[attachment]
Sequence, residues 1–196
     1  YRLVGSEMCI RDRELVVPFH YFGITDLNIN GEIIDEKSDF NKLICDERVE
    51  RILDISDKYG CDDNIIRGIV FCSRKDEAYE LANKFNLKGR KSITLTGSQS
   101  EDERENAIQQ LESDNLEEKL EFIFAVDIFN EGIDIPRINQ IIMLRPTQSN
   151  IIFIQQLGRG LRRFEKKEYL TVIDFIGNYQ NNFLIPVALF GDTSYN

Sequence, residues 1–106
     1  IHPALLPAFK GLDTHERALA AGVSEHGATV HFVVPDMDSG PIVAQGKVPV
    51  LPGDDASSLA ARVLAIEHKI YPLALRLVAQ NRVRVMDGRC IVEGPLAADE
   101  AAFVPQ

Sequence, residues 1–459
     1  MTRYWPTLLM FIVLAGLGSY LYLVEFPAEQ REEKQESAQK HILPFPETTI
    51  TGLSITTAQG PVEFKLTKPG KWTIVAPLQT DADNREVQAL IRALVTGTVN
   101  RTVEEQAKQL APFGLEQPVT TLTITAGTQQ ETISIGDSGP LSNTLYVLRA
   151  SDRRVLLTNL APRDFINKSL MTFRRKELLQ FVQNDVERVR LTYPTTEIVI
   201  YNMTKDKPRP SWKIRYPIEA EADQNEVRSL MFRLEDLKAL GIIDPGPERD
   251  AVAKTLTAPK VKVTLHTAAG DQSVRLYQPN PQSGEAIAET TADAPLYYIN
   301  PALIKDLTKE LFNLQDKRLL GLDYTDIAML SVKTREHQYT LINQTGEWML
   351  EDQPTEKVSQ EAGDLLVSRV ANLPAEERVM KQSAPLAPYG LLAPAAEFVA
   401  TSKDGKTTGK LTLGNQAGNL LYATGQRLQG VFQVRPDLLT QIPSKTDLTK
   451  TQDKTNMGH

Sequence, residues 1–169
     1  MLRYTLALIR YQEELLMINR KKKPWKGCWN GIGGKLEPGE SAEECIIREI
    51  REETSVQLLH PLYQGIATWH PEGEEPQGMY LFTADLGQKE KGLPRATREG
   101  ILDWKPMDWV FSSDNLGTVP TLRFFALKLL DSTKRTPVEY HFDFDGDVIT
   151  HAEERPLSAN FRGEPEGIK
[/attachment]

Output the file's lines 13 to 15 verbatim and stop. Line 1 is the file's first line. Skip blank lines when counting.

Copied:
   101  RTVEEQAKQL APFGLEQPVT TLTITAGTQQ ETISIGDSGP LSNTLYVLRA
   151  SDRRVLLTNL APRDFINKSL MTFRRKELLQ FVQNDVERVR LTYPTTEIVI
   201  YNMTKDKPRP SWKIRYPIEA EADQNEVRSL MFRLEDLKAL GIIDPGPERD